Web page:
A few weeks ago at my church, Rev. Dr. Monica Coleman delivered a sermon that touched my heart, blew my mind, and basically rocked my world; so much so that I want to take a break from my latest series of posts to talk about it. But first, some context is in order.
I’ve done a ton of writing about how the hyper-conservative teachings around sex and sexuality really messed me up especially when it came to how I approached dating relationships. But here, I want to go a bit deeper and talk about how those teachings affected my sexuality.
In the most recent post in my latest series, I shared the story of a Christian man who had his penis in his girlfriend’s vagina and yet claimed (through some mental gymnastics) that they had not actually had sex. I used his story to show that the church has a vastly inadequate ideology about what sex is…
But I have to make a confession.
I empathize with that man because for most of my life, I’ve done something very similar. Like him, I was taught a very strict no-sex-before-marriage message, but found a loophole and milked the hell out of it. But unlike him, my loophole didn’t involve any sex. At least not for me.
And here, I want to confess that my loophole was lesbian porn. Let me (try to) explain how that worked.
In the conservative Christian context of my youth, it wasn’t just having sex that was sinful; I was taught that even lustful thoughts were sin (because Matthew 5:27–30). And while it was never stated outright, the assumption was that “lust” referred to thoughts about penis-in-vagina sex. So, horny teenager me, I figured that if I could be aroused by lesbian porn in a voyeuristic sort of way — aroused by watching their pleasuring of one another — then I was not sinning since my penis was not involved in any of their vaginas. That idea led to me watching and fantasizing about lesbian porn almost exclusively.
And no, that supposed workaround doesn’t actually make any sense, but here’s the thing. In his book, Embodiment, James Nelson argues that suppressed sexual desires can become “demonic.”1 And by that he means that suppressed sexual desires take unnatural, life-sapping forms.2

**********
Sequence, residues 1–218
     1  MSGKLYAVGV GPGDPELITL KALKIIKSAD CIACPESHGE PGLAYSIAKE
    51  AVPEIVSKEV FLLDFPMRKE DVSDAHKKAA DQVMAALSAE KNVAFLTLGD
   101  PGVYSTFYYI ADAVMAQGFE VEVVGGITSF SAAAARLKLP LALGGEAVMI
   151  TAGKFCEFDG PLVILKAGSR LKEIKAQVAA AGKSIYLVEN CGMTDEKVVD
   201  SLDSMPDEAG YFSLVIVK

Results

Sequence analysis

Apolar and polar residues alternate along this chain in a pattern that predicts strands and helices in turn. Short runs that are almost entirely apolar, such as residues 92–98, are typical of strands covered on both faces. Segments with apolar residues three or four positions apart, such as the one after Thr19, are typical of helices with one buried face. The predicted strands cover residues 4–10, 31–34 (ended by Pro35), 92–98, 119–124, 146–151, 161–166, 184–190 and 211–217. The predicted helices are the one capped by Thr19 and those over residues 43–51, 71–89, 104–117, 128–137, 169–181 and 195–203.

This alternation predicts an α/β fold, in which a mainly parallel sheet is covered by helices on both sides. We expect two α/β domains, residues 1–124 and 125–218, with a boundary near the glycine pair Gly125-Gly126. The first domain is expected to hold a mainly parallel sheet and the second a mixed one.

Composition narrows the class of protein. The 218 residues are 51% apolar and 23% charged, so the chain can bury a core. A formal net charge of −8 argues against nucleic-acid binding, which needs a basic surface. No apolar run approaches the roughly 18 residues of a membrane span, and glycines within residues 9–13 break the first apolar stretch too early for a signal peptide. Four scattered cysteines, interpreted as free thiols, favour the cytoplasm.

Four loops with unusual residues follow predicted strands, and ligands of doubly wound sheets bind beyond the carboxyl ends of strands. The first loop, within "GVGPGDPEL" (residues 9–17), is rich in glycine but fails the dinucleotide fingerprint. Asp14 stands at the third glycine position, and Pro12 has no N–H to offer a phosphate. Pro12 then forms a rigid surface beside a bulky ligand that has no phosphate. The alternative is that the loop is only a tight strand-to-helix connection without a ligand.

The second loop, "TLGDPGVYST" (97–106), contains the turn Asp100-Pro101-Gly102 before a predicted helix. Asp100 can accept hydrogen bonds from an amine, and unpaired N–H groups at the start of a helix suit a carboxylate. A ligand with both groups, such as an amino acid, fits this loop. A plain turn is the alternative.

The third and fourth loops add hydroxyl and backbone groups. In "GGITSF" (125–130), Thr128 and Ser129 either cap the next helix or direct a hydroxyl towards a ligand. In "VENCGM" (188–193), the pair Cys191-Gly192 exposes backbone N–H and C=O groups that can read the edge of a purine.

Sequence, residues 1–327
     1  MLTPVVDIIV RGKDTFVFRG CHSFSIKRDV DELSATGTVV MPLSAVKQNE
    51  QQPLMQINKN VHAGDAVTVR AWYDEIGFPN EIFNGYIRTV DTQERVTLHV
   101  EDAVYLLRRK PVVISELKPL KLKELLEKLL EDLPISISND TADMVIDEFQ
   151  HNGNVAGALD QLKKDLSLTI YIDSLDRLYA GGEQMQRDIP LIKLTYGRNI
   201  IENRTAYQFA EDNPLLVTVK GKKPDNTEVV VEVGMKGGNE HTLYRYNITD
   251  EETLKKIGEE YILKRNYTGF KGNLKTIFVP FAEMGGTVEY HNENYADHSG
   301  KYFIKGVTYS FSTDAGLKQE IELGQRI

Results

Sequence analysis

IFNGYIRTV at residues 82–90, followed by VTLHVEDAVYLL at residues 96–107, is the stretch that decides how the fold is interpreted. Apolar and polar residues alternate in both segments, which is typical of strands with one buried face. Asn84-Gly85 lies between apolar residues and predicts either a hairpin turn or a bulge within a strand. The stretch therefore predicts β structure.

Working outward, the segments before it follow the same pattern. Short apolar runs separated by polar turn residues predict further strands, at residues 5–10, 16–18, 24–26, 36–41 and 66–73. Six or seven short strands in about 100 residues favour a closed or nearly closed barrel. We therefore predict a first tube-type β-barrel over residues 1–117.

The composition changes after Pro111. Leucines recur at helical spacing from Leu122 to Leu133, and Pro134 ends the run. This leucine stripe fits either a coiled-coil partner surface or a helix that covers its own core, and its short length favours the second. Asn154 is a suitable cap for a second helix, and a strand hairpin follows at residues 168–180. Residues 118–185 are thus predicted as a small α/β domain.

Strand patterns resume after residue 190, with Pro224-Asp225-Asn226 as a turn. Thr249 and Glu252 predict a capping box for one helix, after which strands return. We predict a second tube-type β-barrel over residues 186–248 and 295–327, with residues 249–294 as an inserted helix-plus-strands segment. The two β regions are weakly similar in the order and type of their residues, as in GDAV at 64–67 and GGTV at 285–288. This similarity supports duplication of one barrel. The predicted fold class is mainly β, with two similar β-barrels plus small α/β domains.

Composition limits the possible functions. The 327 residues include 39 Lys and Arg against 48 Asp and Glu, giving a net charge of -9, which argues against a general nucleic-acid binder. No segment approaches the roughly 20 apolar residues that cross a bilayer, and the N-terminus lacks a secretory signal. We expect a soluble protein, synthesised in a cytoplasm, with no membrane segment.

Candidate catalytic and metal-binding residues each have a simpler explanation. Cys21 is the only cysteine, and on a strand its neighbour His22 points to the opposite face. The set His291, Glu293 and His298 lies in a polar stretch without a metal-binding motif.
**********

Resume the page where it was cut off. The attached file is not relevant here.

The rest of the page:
Sexual desires are an intrinsic part of our God-breathed humanity, so denying them is akin to not breathing. A pouty kid may hold his breath in protest but the body’s need for air will eventually win out. Likewise, even with the most steadfast attempts to suppress one’s sexual desires, they will find a way through. And deprived of “natural”3 outlets, they will take warped (or demonic, to use Nelson’s terminology) forms.
As a young adult in an extremely strict conservative Christian context, I suppressed my sexuality so severely that the outlet my desires eventually found (lesbian porn) was completely disconnected from a healthy, embodied sexuality – my own bodily pleasure played no role in my own sexual fantasy life. Likewise, the bodily, relational pleasure of a partner also played no role.
Looking back now, it would have been great if my sexual fantasy life reoriented toward something closer to my cisgender heterosexuality once I stopped believing those overly strict teachings, but arousal patterns (especially ones formed during adolescence) can carve deep grooves in one’s sexual psyche. That, coupled with the fact that I remained single until my early 40’s (meaning my fixation on lesbian porn remained for over two decades) meant that when I eventually started seriously dating someone, the physically intimate aspect of our relationship was strained by my severely mis-oriented sexual fantasy life.
The Sermon – Light, Sweep, Search
Returning to where I started, the sermon I heard a few weeks ago blew my mind because it spoke directly to issues related to my writing. Her sermon was based on Jesus’ parable in Luke 15:8–10 about a woman who loses a coin, lights a lamp, sweeps the house, and searches to find it.
Dr. Coleman uses this idea of a lost coin to talk about vital, life-things that we need but have lost somehow. And in order to find it again, light is needed in the dark closets of our lives where we may find unexpected, unsavory things. And as we sweep through various compartments of our life, shit will get stirred up. But through a diligent search, the parable suggests that we will find… or be found.
(And I’m glossing over much of the nuance and poetry of her sermon so I encourage you to watch or listen to it for yourself.)
I’ve been writing about relationships and sex(uality) for well over ten years now. And as I listened to Dr. Coleman’s sermon, I realized all the thinking, reading, and writing I’ve been doing was akin to the light/sweep/search journey that the woman with the lost coin was on — a search for something so important it’s worth turning the house upside down to find.